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Social Media Discovery

Social Media: how a simple picture of you smiling can cost you thousands of dollars

 

Social media accounts are an ever more growing part of peoples’ lives. In todays world, Individuals will have multiple social media accounts, such as Facebook, TikTok, Twitter, Instagram, Snapchat, etc. For people that end up in litigation, either in a car accident, business dispute or just about any other matter that will take you to court, can expect that each and every social media account will be sought after by insurance companies and other attorneys.  In litigation, both civil and criminal,  parties view social media accounts as a potential treasure trove of information and will fight for access to your account. These disputes over social media accounts are a growing occurrence and the courts have started to address the issue. In reaching a decision, courts have attempted to strike a balance between competing interest. Louisiana Courts frequently rule that complete and unlimited access to social media accounts is not allowed. However, courts will allow some access to social media accounts. Frequently the access is limited in time and information sought that is directly relevant to the case at hand. Therefore, it is important to consider what you post on your social media accounts, particularly following an incident or encounter that might be construed to be criminal. Attorneys will try to access and obtain information from your social media accounts in any litigation you are directly involved in. In criminal matters, investigators may attempt to cajole you into allowing them to review your device. If you don’t cooperate, which is your right, the government may seek to get approval to search your device via a search warrant.

For a more in depth review of the current state of the civil law in Louisiana, continue reading.

In Farley v. Callais & Sons LLC, the Eastern District had to address this issue of whether to allow broad discovery into a plaintiff’s social media past.[1] In Farley, defense counsel requested “all Facebook activity” from plaintiff’s accident date through the present. Further it sought complete access to plaintiff’s account via password and log-in information. The court address the concern with overbroad request by citing case law and saying:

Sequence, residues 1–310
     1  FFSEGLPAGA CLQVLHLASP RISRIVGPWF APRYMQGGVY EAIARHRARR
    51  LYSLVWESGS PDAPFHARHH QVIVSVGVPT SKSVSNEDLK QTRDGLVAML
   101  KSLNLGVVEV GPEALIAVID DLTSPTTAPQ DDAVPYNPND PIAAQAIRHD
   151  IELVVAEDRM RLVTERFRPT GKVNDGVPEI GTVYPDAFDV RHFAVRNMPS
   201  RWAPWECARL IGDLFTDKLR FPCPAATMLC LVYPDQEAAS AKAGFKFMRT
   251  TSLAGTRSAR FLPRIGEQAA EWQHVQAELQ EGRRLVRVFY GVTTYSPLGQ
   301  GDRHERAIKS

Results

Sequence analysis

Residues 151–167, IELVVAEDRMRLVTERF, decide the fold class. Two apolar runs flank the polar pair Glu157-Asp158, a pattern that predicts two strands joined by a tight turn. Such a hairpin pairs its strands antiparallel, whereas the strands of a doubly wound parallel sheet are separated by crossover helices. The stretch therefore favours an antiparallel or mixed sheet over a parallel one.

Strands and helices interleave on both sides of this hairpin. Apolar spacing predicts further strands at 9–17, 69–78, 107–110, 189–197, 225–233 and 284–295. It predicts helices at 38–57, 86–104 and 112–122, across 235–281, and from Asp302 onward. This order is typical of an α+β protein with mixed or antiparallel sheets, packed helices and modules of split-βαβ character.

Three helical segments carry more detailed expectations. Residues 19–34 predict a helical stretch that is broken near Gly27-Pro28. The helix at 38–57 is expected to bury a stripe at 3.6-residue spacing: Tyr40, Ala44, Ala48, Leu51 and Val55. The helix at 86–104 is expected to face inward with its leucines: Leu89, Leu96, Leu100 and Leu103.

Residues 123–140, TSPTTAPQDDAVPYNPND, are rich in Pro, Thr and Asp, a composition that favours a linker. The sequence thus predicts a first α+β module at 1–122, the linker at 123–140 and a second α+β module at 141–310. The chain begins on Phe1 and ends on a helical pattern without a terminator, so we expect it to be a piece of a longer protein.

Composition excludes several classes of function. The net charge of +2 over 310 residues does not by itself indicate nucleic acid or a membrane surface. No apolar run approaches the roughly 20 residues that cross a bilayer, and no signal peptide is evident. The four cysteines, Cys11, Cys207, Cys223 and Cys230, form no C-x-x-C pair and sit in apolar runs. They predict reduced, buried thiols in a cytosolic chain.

Ordering plaintiff to permit access to or produce complete copies of his social networking accounts would permit defendant to cast too wide a net and sanction an inquiry into scores of quasi-personal information that would be irrelevant and non-discoverable. Defendant is no more entitled to such unfettered access to plaintiff’s personal email and social networking communications than it is to rummage through the desk drawers and closets in plaintiff’s home.[2]

Furthermore, the court noted specifically in personal injury cases that simply placing their mental and physical conditions at issue is not sufficient to allow the other party to rummage through their social media sites. However, the court does note that there can be relevant and admissible information on social media as well. Therefore, the Farley court created the following categories of discoverable information:

  1. Postings by plaintiff that refer or relate to the accident in question;
  2. Postings that refer or relate to emotional distress that plaintiffs may allege they suffer as a result of the accident and treatment thereafter;
  3. Postings or photographs that refer to relate to alternative potential emotional stressors or that are inconsistent with the mental injuries they allege here;
  4. Postings that refer or relate to physical injuries that plaintiffs allege they sustained as a result of the accidents and any treatment that they received therefore;
  5. Postings that refer or relate to other, unrelated physical injuries suffered or sustained by plaintiffs; and